Let T = {(x1,y1), (x2,y2) …, (xi,yi) …, (xn,yn)} be the training set, where N is the number of samples, and xi is a m-dimensional feature vector with class label yi ∈ {1, 2 …,C}. The Mahalanobis distance between the points xi and xj is given by Eq 9 [34]: (9) where W is the transformation matrix, and d is the Mahalanobis distance. If W is a diagonal matrix, Eq 10 can be expressed as follows [35]: (10) where wl is a weight associated with the lth feature. In particular, each point xi selects another point xj as neighbor with probability pij. Then, a differentiable cost function may be used, which is based on the stochastic (“soft”) neighbor assignment in the transformed space, as shown in Eq 14. (11) (12) (13) (14) where pij is the probability of xi select xj as its nearest neighbor; pi is the probability that the point xi will be correctly recognized; yij = 1 for yi = yj, and yij = 0 otherwise; λ is a regularization parameter that can be fitted using cross-validation, and σ is the width of the probability distribution. Let κ = exp(z/σ) be a kernel function with kernel width σ. If σ → 0, only the nearest neighbor of the query sample can be selected as its reference point, while to σ → ∞, all of the points have the same chance of being selected apart from the query point. More details can be found in [35].

Emotion classification

The five videos used to evoke the five emotions (disgust, fear, happiness, sadness and surprise) were labeled. For this purpose, segments of 30 s from each video were labeled as having a high potential to trigger the desired emotion. Thus, groups of patterns linked to a same emotion were obtained.

To evaluate the emotion recognition, the training and validation sets were chosen for several runs of cross-validation (k = 3). Here, both training and validation sets were formed in each run, selecting only patterns that correspond to the same segment. Afterwards, on each set, 11 ROIs were located on the face to obtain feature vectors (154 features) (see details in Feature extraction section).

The feature vectors of the training set were analyzed through a supervised method for feature selection (of low computational cost) based on NCA [34,35]. Thus, the dimensionality of these feature vectors was reduced, enhancing the class separation and the classification stage. In this instance, the feature vectors of the training set were normalized, using both mean and standard deviation values as reference. Then, the validation set was reduced, taking into account the relevant features, and normalized using the same reference values (mean and standard deviation) obtained from the training set. Finally, Linear Discriminant Analysis (LDA) was used as classifier [36,37] (see dataset for emotion recognition in S1 Dataset).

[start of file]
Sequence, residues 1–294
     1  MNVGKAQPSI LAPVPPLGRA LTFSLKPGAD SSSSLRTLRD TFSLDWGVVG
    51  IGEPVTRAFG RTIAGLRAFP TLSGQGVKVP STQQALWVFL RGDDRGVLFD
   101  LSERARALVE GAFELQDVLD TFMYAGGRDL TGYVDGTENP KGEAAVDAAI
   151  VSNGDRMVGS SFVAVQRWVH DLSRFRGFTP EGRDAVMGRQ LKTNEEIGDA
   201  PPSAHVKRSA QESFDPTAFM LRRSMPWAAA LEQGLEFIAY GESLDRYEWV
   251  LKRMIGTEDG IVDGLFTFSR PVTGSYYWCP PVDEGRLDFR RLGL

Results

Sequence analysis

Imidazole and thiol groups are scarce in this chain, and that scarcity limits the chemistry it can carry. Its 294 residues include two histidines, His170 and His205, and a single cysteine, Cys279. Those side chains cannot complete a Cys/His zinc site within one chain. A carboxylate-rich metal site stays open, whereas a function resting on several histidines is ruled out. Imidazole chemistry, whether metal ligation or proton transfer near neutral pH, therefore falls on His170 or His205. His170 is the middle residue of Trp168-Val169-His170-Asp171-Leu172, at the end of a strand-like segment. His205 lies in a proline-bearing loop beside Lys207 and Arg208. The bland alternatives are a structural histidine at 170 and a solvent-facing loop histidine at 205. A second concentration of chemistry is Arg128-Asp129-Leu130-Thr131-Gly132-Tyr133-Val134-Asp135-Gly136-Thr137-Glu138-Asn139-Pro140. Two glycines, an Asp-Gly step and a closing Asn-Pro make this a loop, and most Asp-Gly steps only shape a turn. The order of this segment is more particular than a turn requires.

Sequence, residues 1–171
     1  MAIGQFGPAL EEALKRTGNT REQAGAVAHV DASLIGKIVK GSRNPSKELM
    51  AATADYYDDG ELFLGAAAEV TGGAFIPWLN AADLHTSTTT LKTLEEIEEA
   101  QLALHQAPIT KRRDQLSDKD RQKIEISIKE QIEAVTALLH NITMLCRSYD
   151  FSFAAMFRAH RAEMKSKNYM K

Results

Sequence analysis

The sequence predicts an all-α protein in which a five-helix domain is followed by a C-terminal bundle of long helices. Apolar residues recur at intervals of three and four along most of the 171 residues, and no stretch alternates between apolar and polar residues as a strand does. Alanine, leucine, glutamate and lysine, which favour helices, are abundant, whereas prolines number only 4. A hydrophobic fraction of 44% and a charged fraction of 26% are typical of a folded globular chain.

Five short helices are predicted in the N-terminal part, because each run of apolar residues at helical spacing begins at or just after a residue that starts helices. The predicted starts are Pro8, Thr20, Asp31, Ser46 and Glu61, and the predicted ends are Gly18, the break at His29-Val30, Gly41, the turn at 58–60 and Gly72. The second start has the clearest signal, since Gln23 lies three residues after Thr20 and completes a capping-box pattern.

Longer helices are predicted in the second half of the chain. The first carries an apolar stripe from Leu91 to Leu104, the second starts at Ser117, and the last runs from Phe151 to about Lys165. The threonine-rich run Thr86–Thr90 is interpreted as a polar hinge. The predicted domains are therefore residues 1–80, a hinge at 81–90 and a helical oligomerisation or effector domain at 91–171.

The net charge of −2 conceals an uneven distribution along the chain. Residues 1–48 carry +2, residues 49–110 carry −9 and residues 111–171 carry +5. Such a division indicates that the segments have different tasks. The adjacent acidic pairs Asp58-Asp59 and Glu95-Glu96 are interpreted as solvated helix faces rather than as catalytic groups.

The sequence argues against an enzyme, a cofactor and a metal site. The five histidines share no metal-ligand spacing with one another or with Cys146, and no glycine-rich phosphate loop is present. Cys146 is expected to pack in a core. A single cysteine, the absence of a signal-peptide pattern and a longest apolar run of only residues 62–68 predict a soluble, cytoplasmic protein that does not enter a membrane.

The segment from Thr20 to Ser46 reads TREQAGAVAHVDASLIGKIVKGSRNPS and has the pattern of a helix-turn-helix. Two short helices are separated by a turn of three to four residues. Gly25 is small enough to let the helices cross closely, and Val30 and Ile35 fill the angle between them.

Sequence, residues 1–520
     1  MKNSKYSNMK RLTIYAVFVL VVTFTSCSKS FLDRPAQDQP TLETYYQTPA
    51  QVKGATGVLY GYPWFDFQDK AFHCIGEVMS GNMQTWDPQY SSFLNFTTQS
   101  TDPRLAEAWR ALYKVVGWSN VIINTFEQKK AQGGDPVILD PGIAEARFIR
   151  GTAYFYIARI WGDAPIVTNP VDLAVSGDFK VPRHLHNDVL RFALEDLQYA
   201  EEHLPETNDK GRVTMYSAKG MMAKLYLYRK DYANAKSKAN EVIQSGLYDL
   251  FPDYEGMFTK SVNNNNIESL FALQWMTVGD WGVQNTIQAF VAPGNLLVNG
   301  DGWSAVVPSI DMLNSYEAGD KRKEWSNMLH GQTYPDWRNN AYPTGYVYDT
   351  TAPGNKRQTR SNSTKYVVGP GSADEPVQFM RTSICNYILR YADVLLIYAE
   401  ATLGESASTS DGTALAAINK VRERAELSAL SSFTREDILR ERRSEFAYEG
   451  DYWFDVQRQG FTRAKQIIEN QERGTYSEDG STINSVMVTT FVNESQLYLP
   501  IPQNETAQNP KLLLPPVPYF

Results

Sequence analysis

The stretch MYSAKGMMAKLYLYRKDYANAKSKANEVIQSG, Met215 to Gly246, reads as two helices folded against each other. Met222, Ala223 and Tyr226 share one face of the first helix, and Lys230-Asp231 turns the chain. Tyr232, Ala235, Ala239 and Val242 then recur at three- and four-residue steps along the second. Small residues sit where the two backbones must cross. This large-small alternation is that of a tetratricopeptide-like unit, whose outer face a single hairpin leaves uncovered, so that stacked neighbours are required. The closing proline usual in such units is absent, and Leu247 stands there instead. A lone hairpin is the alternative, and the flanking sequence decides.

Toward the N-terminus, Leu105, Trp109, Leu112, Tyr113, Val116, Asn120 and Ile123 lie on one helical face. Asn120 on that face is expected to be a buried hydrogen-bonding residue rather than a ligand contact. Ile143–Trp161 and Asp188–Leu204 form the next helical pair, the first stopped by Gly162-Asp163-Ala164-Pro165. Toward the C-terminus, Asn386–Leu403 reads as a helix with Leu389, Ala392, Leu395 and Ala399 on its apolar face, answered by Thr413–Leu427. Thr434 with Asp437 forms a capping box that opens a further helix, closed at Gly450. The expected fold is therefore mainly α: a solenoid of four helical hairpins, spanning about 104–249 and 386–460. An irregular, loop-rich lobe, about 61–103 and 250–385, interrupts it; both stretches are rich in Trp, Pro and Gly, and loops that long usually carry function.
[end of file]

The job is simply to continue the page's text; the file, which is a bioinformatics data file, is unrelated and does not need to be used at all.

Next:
Statistical analysis

Means and standard deviations were calculated to evaluate the valence and arousal dimensions from SAM. Average values of the emissivity variations were calculated to obtain the mean heat signature in each ROI throughout emotion elicitation, taking as reference the baseline period. Thus, emotion data from the affective videos were compared with data from the baseline. A comparison between the bilateral ROI data of the face was also accomplished to verify the facial thermal asymmetry related to the evoked emotions. Student’s t test (α = 0.05) using a Bonferroni correction was used to verify the significance of such emissivity variations in the facial ROIs. In this study, the data normal distribution was verified applying the Kolmogorov-Smirnov test, rejecting the null hypothesis (normal distribution) at the 5% significance level. For this reason, a logarithmic transformation with base two was applied on the data before applying Student’s t test. Furthermore, indices such as accuracy, true positive rate (TPR), Kappa and false positive rate (FPR) were used to evaluate the emotion classification.

Results

Valence and arousal analysis

The mean SAM scores for valence and arousal dimensions calculated for the 28 participant children are shown in Table 1.

thumbnail
Table 1. Means and standard deviations (SD) of SAM performed by 28 children.

https://doi.org/10.1371/journal.pone.0212928.t001

From Table 1, it is possible to see that the valence scores were pronounced (close to the extreme values of the scale, 1 and 9, corresponding to negative and positive emotions, respectively), whereas arousal scores, close to number five, exhibited a general moderate intensity. Although arousal scores were not substantial, valence scores obtained suggested that the affective videos did trigger specific emotions in TD children.